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Vrinda Engineers Pvt. Ltd. v/s Hindustan Steelworks Construction Limited & Another

    General Application No. 1156 of 2019 & Civil Suit No. 226 of 2018

    Decided On, 03 December 2019

    At, High Court of Judicature at Calcutta

    By, THE HONOURABLE MR. JUSTICE DEBANGSU BASAK

    For the Appearing Parties: Sukrit Mukherjee, Avirup Mitra, S.R. Kakrania, Tanuj Kakrania, Sanjeeb Seni, Ankita Upadhyay, Chayan Gupta, Prasun Mukherjee, Deepak Agarwal, Advocates.



Judgment Text


1. The application is at the behest of the defendant No. 2 claiming that it is neither a necessary nor a proper party in the suit.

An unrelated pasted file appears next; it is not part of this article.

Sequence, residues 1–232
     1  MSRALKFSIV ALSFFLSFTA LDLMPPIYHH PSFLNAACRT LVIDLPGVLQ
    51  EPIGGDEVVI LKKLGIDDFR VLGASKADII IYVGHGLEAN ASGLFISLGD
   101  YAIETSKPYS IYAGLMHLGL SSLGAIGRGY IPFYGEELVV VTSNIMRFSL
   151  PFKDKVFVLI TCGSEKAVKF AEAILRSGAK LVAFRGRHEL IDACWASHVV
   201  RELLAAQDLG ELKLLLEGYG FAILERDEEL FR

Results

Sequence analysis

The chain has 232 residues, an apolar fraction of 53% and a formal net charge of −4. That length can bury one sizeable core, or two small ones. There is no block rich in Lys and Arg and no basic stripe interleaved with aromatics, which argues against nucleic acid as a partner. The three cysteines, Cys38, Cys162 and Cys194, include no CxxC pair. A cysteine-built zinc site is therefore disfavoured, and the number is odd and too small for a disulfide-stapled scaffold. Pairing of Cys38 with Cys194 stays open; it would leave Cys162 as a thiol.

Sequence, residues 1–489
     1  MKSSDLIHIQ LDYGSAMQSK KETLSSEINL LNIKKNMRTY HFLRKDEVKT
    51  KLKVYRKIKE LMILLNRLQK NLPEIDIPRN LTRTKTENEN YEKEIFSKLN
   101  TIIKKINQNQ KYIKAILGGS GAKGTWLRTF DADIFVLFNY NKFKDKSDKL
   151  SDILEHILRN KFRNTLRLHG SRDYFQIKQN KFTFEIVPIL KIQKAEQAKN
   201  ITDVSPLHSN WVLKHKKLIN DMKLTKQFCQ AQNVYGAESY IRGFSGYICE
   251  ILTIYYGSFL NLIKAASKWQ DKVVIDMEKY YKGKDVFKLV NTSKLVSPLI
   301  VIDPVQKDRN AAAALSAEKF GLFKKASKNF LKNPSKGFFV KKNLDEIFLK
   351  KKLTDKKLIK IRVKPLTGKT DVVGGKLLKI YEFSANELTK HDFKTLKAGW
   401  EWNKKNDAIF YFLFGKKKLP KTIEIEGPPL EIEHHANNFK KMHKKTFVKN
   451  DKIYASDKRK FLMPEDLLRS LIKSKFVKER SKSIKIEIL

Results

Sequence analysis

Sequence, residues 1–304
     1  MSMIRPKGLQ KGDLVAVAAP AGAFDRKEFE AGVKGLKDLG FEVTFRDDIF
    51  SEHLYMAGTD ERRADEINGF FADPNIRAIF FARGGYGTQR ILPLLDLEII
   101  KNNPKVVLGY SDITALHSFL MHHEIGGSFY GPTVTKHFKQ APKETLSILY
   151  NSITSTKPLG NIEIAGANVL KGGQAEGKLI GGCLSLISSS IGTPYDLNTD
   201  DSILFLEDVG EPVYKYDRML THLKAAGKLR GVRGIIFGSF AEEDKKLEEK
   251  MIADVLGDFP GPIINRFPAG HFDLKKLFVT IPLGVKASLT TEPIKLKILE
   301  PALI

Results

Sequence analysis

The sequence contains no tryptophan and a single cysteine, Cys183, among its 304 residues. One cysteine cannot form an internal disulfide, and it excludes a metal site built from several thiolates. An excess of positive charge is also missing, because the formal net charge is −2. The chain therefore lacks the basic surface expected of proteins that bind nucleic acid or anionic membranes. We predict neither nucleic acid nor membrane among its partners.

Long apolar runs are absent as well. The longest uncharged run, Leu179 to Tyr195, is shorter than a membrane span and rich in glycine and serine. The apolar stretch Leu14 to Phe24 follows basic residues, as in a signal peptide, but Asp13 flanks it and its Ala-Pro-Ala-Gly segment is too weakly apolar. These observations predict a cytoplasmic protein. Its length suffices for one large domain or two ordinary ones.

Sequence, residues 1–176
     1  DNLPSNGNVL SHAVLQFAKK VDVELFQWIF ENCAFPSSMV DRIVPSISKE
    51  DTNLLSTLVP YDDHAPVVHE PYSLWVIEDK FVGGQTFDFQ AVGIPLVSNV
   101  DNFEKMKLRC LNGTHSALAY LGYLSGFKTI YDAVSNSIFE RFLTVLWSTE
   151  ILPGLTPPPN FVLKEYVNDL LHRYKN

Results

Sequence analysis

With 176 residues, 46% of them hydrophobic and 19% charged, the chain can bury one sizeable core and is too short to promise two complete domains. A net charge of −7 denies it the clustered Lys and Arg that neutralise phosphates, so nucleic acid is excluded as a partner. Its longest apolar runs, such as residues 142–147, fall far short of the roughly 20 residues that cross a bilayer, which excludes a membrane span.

2. Learned Advocate appearing for the defendant No. 2 submitted that, the defendant No. 2 engaged the defendant No. 1 as the principal contractor to render comprehensive project management services for construction of a building. The plaintiff was engaged by the defendant No. 1. There was no privity of contract between the defendant No. 2 and the plaintiff. The claim of the plaintiff was at best against the defendant No. 1. The plaint did not disclose any cause of action against the defendant No. 2. The back to back payment clause which the plaintiff relied upon formed part of the agreement between the plaintiff and the defendant No. 1. The defendant No. 2 was not a party to such agreement. Consequently, the name of the defendant No. 2 should be deleted from the plaint. In support of his contentions, learned Advocate appearing for the defendant No. 2 relied upon (Har Narain Singh v. Kharag Singh and Anr.,1887 9 ILR(All) 448) and (Utkarsh Tubes and Pipes Limited v. Simplex Infrastructure Limited, (2015) 1 CalLJ 27)